According to an opinion poll published Thursday, 42.5 percent of Czech voters believe a minority government headed by the center-left Social Democrats (ČSSD) with the silent support of the Communist Party of Czech and Moravia (KSČM) would be more beneficial for the country than the current center-right coalition headed by Petr Nečas (Civic Democrats, ODS).
Slightly fewer, 39.2 percent, said they think a coalition government including the KSČM would be preferable to the current center-right coalition.
In the event of snap elections being held now, 25.4 percent of respondents in the poll conducted by the SANEP agency said they would support a ČSSD – KSČM coalition, whereas 36.8 percent said they would prefer any government over one including communists. Just over 58 percent of respondents who said they would vote for the Social Democrats said they would also support a ČSSD – KSČM coalition.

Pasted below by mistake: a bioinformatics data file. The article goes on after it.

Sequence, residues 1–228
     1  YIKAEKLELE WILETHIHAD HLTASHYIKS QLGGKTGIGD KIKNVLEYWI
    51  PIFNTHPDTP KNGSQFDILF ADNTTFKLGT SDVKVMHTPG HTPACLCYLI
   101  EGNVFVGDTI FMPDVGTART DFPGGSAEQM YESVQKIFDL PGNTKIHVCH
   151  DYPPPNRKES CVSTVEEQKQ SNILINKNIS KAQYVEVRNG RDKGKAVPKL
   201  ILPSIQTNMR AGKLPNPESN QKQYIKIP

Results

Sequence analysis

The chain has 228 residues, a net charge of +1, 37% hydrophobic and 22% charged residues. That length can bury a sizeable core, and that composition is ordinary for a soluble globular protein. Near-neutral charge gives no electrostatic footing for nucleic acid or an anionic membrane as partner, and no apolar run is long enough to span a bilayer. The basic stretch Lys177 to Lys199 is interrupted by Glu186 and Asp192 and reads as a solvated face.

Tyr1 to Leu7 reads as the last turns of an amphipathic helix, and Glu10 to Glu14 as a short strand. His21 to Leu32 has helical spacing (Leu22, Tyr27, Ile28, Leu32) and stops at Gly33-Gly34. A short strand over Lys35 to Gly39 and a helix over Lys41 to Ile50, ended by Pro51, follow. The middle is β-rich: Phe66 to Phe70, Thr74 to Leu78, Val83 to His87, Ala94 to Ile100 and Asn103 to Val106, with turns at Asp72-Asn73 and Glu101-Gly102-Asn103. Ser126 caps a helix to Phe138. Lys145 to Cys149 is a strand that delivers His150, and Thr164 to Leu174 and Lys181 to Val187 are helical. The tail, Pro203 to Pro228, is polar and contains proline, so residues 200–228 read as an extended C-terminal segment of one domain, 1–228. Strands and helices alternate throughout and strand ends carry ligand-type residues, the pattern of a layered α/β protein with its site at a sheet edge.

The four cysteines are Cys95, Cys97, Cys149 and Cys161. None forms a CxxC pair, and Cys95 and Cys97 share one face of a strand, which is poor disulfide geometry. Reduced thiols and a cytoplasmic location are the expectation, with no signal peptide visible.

Thirty-seven percent of respondents said they would consider the participation of the KSČM in government, namely several communist ministers in the cabinet as acceptable, whereas a majority (55.3 percent) said they would consider it out of the question.
Almost 76 percent of ČSSD voters asked said one or several communist ministers in the cabinet would be acceptable. The same percentage of ČSSD voters said they would be in favor of the Social Democrats abandoning the so-called Bohumín Declaration, a 1995 pledge from the party not to form a coalition with the KSČM.
Despite a majority of respondents saying they would prefer any government to one including communists, 65.9 percent said they disagreed with the recent assertion by leader of Public Affairs (VV) Radek John that early elections must be avoided in order to limit the possibility of a ČSSD - KSČM coalition taking power.
The SANEP poll was conducted at the end of April among 5,029 respondents aged between 18 and 69 selected to represent a cross section of Czech society.
Most recent polls show that the Social Democrats and communists would win a clear majority in the 200-seat lower house of parliament with the center-right coalition losing support due to austerity measures, higher taxes and sluggish ecopnomic growth.